81-Year-Old, Robert “Bob” Jolley Wins NSW Environmental Citizen of the Year Award

On World Environment Day 2020, and octogenarian eco-warrior, 81-year-old Robert ‘Bob’ Jolley was announced as the state winner of the NSW Environmental Citizen of the Year Award by NSW Minister for Energy and Environment, Matt Kean.

Bob has spent years collecting bottles, cans and cartons to raise money for local projects in Wentworth Shire, including more than $25,000 for the Wentworth skate park. Bob deposits the containers with Return and Earn, which gives a 10c refund a piece. He is currently donating his refunds to a new daycare centre and a local youth centre.

Not only has this remarkable endeavour helped his community, but Bob has also saved an estimated 294,000 containers from landfill. As part of the state award, Bob will receive $5,000 to support his great work.

The Environmental Award is part of the Australia Day Council of NSW’s Local Citizen of the Year Awards program and is sponsored by Return and Earn, the NSW container deposit scheme’ committed to improving the environment across the state.

Danielle Smalley, CEO of Exchange for Change, says: “We are proud to sponsor the 2020 NSW Environmental Citizen of the Year Award. At Exchange for Change we are working towards a future where waste is seen as a valuable resource that provides environmental, social and economic benefits, and many of the nominees from this year share that vision.”

From rural and regional areas to the city, finalists from across NSW have achieved amazing results through their innovative environmental projects.

In Sydney’s Sutherland Shire, 10-year-old Chase Cross has collected thousands of empty drink containers for Return and Earn to raise money for the Love Mercy Foundation. This will assist the foundation with its work for impoverished communities in northern Uganda.

Linda Sparrow, in Byron Bay, is working to protect the Bangalow koala population. She has raised more than $450,000, planted 26,000 trees, and increased awareness across her community.

Also working to protect koalas are the students at Delungra Public School in Northern NSW. The tiny school only has 29 students, but after the devastating bushfires over the summer they transformed their school grounds into a koala sanctuary, with trees and water stations.

The Griffith branch of Meals on Wheels rescues hundreds of kilograms of food that would otherwise end up as a landfill to make hampers for local community members who need it most. This both prevents waste and gives a hand to people who are doing it tough.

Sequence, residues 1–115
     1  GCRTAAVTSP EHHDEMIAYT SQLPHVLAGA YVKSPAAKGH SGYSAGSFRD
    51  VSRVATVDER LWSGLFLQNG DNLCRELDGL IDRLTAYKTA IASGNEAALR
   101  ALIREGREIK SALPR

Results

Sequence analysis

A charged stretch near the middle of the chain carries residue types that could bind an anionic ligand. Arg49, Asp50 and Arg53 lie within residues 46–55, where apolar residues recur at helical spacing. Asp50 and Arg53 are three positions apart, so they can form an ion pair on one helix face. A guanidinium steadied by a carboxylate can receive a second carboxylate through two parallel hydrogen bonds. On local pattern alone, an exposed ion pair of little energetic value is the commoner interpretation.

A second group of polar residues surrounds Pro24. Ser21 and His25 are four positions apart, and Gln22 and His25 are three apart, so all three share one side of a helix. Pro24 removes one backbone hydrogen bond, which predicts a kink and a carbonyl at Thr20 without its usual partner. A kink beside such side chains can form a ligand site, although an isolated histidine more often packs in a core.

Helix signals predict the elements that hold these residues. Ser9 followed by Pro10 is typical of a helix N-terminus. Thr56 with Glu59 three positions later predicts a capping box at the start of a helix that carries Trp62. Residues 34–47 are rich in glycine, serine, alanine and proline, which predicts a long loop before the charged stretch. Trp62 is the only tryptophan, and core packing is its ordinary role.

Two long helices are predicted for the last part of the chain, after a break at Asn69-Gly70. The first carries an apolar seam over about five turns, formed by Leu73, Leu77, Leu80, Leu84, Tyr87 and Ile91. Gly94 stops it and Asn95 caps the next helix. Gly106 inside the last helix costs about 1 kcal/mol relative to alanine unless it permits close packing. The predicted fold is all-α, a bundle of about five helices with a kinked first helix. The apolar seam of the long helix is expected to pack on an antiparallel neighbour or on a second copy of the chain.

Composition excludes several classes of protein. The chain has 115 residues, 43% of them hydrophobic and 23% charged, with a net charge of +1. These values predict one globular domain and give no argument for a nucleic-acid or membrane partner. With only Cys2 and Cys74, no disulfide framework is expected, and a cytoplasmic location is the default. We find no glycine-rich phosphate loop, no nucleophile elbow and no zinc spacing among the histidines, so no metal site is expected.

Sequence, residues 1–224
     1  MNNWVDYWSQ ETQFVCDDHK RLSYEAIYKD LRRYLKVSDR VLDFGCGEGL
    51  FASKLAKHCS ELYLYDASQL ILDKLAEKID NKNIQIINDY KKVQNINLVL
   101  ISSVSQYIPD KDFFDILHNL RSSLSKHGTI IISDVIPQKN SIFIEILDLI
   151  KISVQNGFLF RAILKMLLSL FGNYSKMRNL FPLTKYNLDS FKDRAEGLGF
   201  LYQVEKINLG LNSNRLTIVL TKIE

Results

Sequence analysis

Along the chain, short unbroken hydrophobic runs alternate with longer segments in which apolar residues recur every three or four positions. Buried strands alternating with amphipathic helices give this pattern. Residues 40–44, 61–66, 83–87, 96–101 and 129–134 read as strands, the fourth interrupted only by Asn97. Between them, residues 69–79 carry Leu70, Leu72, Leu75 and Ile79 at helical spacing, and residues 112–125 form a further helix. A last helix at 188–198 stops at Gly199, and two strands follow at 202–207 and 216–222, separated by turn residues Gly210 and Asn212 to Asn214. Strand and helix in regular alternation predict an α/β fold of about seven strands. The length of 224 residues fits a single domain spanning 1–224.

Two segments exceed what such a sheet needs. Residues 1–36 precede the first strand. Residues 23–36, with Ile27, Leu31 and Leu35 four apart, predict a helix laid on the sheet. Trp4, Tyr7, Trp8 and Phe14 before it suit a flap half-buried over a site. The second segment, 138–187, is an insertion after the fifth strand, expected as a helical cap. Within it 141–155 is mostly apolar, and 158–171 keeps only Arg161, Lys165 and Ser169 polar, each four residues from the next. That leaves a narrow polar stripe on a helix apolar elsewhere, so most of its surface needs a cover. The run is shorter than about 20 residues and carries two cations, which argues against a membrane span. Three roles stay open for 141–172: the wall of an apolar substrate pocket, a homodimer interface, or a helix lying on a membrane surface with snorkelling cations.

In Gulargambone, the Lions Club has been working to reduce waste and landfill. The club has partnered with local businesses and sporting clubs to collect recyclable cans and bottles to ensure the containers are given a second life, not binned. The containers are deposited at a Return and Earn collection point, with the funds raised going back into local community programs.

Other finalists are creating reusable shopping bags to reduce plastic waste, building community awareness on climate issues, initiating art projects using recycled materials, and more.

“Taking the opportunity to celebrate individuals and organisations that are working for a better tomorrow, has never been more important than it is today. I would like to congratulate everyone involved for their commitment to our environment and contribution to their local communities,” says Ms Smalley.

The Environmental Award was introduced in 2019 as a new category of the Australia Day Council of NSW Citizen of the Year Awards. Each Australia Day, communities across the state are invited by their local councils to participate in the annual NSW Local Citizen of the Year Awards, which recognise outstanding achievements by individuals and organisations.

Local environmental award recipients are then eligible to be nominated to become the state winner of the NSW Environmental Citizen of the Year Award.

The award recognises outstanding efforts by individuals or organisations to preserve the environment, reduce litter and improve recycling, including using the Return and Earn scheme in an innovative and meaningful way.

This article first appeared here.

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